“There’s a huge gap between having an idea that people love and bringing that product to market. The advantage of working with Brookstone is that we can fill in any gap you have in your organization — from design and manufacturing to retail sales and customer service,” Brookstone Chief Innovation Officer Lauren van Heerden noted.
Apart from manufacturing and retails sales, products accepted into the Brookstone Launch program also receive end-to-end design and engineering, product packaging, U.S. and international compliance testing and eCommerce services.
“With the rise of crowdfunding,” van Heerden noted, “there are I think ever more inventors with great ideas, who suddenly realize they know how to set up a website — but don’t know how to organize shipping logistics. Or how to lower their manufacturing costs so they don’t have to charge $1,000 per units. How many great products do we see on sites that take preorders that just never make it to customers’ hands? Our development project is designed to make sure the really great ideas don’t disappear into the ether in that stage between working concept and working sales organization.”
Rethinking Consumer Need
With malls dying, being the retail brand best and most symbiotically tied to malls is obviously a business strategy with some limits. Brookstone isn’t getting out of malls. However, part of reinventing Brookstone’s retail strategy has been, in some sense, to relocate and redefine it some. Which has meant that the chain’s natural habitat has shifted some in the decade to airports — where their focus in less on massage chairs and more for the kind of consumer electronics that are portable enough to get on a plane with a consumer who realized in the baggage terminal that they left their iPad at home.
However, it has also meant changing the product they offer as well, as the new launch of the Carry On concept store in Utah earlier this week attests to.
“Whether you’re traveling for business, pleasure or adventure, Carry On by Brookstone has smart, innovative items to make your trip more successful,” said Brookstone CEO Tom Via.
“The clothing you find will be packable and travel-friendly. It will also be on-trend and weather-smart. For instance, one of our featured apparel lines, ExOfficio, can literally be folded into a tiny ball and remain wrinkle free, stylish and low maintenance — now that makes travel easier. Our luggage, packs and wallets are simply beautiful, and aren’t readily available at most airport retailers. Our goal is to make Carry On an easy and exciting stop with an element of surprise for every traveler’s journey.”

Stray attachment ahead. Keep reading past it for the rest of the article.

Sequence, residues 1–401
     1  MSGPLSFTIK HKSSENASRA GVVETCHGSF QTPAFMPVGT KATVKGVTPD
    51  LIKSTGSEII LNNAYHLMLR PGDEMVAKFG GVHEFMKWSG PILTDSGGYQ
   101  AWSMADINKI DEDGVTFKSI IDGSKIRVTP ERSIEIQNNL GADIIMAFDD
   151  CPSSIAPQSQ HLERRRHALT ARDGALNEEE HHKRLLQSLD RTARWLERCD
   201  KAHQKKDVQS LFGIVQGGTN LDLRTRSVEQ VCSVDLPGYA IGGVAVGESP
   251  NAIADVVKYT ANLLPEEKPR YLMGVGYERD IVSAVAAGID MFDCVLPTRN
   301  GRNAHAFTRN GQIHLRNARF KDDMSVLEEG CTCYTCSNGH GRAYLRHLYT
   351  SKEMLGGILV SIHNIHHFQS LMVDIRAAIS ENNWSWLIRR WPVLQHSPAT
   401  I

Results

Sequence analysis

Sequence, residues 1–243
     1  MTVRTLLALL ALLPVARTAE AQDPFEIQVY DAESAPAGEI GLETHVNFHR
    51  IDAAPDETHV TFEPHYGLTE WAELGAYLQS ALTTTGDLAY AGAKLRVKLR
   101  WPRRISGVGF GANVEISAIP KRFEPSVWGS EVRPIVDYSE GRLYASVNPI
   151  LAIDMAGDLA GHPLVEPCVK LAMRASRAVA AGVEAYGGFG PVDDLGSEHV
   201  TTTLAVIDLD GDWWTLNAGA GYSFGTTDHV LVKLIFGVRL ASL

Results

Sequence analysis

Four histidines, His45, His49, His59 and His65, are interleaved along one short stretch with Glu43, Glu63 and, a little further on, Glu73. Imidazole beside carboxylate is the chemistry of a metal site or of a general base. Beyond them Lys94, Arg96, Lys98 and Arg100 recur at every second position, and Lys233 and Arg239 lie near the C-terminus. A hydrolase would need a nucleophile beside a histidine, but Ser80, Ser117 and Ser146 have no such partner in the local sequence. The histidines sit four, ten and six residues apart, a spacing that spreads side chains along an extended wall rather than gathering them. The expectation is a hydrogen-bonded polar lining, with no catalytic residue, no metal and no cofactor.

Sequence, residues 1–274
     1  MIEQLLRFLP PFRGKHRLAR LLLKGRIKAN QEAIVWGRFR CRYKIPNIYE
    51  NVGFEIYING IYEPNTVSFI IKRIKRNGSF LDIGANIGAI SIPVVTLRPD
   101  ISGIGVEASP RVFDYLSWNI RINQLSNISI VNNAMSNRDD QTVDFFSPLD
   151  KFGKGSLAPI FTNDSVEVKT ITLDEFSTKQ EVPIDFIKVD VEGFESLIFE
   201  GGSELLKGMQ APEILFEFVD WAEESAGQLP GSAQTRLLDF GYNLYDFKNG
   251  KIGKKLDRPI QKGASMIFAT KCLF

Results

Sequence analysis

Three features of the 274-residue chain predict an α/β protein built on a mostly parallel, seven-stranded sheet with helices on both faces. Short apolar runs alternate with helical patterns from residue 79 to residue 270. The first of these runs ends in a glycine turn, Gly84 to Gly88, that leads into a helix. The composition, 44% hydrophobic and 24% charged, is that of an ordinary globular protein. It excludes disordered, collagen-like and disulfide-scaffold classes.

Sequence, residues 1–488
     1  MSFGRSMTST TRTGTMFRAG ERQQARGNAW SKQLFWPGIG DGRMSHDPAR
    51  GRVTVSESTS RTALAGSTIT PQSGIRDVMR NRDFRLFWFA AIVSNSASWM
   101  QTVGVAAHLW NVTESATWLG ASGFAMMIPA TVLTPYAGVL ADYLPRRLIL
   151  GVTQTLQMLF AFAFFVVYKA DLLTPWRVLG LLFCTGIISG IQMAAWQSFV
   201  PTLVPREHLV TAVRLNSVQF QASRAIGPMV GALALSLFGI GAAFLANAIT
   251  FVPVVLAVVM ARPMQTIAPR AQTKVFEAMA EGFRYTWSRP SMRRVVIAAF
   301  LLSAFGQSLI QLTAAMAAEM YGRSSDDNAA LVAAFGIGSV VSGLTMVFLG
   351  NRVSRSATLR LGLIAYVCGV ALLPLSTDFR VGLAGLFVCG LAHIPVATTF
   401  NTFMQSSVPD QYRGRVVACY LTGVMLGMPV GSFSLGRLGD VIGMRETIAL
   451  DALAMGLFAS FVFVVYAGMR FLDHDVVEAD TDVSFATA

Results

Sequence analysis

Carry On is a pilot program (no pun intended). If the model catches on, Brookstone says it might consider reformatting some current Brookstone locations away from the “classic” design and more toward the Carry On concept.
The Next Frontier
Unsurprising perhaps — given who the firm’s new owners are — Brookstone is also one of many U.S. retail brands eyeing expansion into the Chinese marketplace. The chain’s mainland China location opened in Nanjing on New Year’s Day, and further openings are planned throughout 2016.
“In China we’re thinking of aggressively expanding based on proof-of-concept,” Via told Quartz. “This year’s plan is dependent on the availability of real estate. … It could be up to 30 stores.”
And while a year ago a big push into the world’s fastest developing economy seemed like a good bet, with one of the world’s more commercially enthused middle classes, these days that strategy looks quite a bit riskier for a firm battling back from the edge of bankruptcy.
Weakness in the Chinese stock prices, combined with weak oil, have kicked off a multi-week roller coaster ride to kick off 2016. Many analysts are concerned that the Chinese economy is headed for a cool-off, and that it’s likely the chill will be felt acutely by American firms that have made big bets on a China-dominated future. Whether Brookstone will find a way to catch fire in China or will face cool reception due to a spectacularly poorly timed entrance remains to be seen.